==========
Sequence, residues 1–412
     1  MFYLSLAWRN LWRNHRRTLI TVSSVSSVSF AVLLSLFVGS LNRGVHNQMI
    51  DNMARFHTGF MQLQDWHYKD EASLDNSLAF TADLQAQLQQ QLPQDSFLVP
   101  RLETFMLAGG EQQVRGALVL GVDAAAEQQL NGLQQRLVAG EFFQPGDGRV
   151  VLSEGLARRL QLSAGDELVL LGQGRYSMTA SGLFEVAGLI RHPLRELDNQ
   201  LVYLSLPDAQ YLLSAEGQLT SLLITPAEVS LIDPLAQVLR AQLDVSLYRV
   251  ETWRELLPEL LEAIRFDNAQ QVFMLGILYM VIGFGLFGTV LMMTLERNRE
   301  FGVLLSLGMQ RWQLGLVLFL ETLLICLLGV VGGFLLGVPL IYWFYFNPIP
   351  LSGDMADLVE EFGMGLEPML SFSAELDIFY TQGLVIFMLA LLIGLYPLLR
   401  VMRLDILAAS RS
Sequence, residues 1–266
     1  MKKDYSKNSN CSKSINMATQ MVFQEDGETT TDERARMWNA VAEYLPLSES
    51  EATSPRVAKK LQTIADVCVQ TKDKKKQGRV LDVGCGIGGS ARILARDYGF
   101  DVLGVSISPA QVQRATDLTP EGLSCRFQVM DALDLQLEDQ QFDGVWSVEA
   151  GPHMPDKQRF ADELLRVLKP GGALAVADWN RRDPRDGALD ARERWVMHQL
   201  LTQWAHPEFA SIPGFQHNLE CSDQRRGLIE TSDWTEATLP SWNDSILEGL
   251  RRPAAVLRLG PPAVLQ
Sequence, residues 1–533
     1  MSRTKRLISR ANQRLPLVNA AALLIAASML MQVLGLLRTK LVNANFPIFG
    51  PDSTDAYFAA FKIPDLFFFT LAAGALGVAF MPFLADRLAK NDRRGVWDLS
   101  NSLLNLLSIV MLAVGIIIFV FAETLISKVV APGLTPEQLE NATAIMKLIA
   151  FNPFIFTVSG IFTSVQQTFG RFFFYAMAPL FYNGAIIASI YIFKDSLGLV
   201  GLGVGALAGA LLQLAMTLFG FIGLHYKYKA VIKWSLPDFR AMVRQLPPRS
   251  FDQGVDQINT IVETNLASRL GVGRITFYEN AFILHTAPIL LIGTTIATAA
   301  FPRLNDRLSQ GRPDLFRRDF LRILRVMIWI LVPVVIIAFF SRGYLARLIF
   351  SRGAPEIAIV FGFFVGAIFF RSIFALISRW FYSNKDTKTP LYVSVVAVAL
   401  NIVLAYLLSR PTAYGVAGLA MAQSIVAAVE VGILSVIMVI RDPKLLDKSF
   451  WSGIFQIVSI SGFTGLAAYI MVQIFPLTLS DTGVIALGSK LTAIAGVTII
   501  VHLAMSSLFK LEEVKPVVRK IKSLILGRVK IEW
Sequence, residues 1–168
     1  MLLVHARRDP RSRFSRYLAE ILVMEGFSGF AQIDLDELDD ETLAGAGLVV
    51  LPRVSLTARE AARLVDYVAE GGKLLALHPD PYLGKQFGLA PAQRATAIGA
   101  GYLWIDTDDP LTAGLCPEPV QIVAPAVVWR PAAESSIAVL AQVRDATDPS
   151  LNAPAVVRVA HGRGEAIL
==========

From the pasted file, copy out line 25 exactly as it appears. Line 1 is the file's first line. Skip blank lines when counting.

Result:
   301  FPRLNDRLSQ GRPDLFRRDF LRILRVMIWI LVPVVIIAFF SRGYLARLIF